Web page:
Classification of Volumes

Volumes, represented as a lexicographic string of density values arranged on a 3D grid, can be subjected to the same techniques of multivariate data analysis (MDA) and classification as earlier discussed for images in chapter 4. Again, the fundamental requirement is that they are perfectly aligned, so that in each case the lexicographic index of the array refers to the same point in space. Three-dimensional masking is used to focus the analysis on the relevant region of the molecule while discarding the surrounding densities.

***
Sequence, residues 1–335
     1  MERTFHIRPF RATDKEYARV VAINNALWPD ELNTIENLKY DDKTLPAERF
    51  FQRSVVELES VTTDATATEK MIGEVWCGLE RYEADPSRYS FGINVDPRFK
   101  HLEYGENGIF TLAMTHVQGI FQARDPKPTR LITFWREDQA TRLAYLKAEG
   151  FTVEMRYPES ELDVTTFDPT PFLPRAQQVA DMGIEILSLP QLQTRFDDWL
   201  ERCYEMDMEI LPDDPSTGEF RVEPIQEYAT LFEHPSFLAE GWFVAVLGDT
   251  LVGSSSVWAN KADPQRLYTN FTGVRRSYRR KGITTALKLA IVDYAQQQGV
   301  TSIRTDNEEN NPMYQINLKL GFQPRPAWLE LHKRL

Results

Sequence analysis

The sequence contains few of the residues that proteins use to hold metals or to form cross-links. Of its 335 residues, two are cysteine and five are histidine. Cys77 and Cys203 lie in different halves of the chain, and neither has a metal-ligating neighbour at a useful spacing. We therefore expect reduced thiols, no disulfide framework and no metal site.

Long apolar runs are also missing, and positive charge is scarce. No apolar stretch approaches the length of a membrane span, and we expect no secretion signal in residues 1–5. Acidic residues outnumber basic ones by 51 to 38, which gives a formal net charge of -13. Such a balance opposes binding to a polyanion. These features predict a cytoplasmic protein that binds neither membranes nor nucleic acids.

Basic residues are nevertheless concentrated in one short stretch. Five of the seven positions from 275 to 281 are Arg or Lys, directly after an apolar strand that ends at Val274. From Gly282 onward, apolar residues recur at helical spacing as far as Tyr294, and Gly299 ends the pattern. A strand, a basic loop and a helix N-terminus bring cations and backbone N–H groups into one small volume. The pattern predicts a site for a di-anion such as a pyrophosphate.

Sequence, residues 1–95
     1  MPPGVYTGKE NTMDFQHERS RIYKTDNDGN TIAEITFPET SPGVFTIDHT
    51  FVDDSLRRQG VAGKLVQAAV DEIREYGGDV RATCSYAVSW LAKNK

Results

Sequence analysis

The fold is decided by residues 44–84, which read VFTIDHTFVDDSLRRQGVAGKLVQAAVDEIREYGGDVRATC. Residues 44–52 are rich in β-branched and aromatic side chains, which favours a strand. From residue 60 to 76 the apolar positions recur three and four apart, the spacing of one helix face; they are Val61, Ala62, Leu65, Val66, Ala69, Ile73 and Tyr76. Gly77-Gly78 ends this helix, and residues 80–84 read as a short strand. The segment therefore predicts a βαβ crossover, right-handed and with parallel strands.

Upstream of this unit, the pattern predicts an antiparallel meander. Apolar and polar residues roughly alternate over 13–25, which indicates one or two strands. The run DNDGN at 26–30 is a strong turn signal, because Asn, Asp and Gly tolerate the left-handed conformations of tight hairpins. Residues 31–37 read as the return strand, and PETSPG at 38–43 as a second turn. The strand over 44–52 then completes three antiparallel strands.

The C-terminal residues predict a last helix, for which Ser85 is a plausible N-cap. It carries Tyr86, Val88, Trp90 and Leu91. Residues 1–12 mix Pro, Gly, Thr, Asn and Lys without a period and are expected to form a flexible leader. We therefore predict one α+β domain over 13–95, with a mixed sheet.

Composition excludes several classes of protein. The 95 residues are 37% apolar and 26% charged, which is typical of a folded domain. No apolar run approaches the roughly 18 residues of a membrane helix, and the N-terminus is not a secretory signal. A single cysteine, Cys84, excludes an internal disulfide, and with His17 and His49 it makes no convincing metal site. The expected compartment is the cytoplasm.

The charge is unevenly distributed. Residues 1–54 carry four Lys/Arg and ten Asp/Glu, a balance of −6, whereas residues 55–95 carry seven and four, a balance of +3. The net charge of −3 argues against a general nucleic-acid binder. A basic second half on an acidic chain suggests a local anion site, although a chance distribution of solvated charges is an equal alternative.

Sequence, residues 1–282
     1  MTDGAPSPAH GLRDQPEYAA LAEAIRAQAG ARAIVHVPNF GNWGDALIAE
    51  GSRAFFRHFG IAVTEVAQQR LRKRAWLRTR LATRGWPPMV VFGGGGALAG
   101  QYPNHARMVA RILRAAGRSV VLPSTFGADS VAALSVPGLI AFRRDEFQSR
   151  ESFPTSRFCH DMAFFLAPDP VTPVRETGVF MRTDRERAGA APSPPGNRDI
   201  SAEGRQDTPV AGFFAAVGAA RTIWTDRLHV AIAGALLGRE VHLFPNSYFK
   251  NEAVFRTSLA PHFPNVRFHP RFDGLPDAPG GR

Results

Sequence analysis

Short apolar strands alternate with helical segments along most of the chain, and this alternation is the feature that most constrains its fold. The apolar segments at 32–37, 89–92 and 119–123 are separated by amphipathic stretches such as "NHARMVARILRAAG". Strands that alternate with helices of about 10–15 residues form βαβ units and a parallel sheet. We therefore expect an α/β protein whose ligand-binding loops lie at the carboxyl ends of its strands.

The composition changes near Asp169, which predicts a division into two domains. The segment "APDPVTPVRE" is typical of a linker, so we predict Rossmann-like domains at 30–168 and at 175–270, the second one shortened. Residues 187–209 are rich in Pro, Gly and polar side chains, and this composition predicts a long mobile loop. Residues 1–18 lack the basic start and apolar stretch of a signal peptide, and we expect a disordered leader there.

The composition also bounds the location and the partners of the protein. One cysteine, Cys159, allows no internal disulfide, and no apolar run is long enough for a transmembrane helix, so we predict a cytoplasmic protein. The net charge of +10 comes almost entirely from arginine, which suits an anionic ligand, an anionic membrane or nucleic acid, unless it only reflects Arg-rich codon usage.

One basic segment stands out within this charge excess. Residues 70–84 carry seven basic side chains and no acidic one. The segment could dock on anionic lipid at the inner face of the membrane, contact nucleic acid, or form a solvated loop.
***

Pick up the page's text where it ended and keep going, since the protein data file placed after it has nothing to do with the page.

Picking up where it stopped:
These volumes can be multiple reconstructions of the same molecule from different single-particle data sets or from the same data set but with different starting conditions of a common-lines algorithm (Penczek et al., 1996). In the latter case, classification is used to find a core group of density maps most consistently reproduced. They can be single-particle reconstructions representing the same molecule in different experimental conditions or states, in which case it might be desirable to explore the similarity relationships between the density maps that could contain clues on the way the states evolve over time. They can also be separate tomographic reconstructions of several molecules, where the objective is to find those that are most consistently preserved (Walz et al., 1997b; Bohm et al., 2001). Finally, they can be pseudo-repeats of a 3D ordered structure, such as the insect flight muscle (Winkler and Taylor, 1999; Chen et al., 2002b; Pascual-Montano et al., 2002), representing the force-generating interaction between actin and myosin in different states. In this case, MDA and classification are able to group the different motifs, so that they can be separately averaged. The resulting density maps provide a view of the dynamically changing structure.

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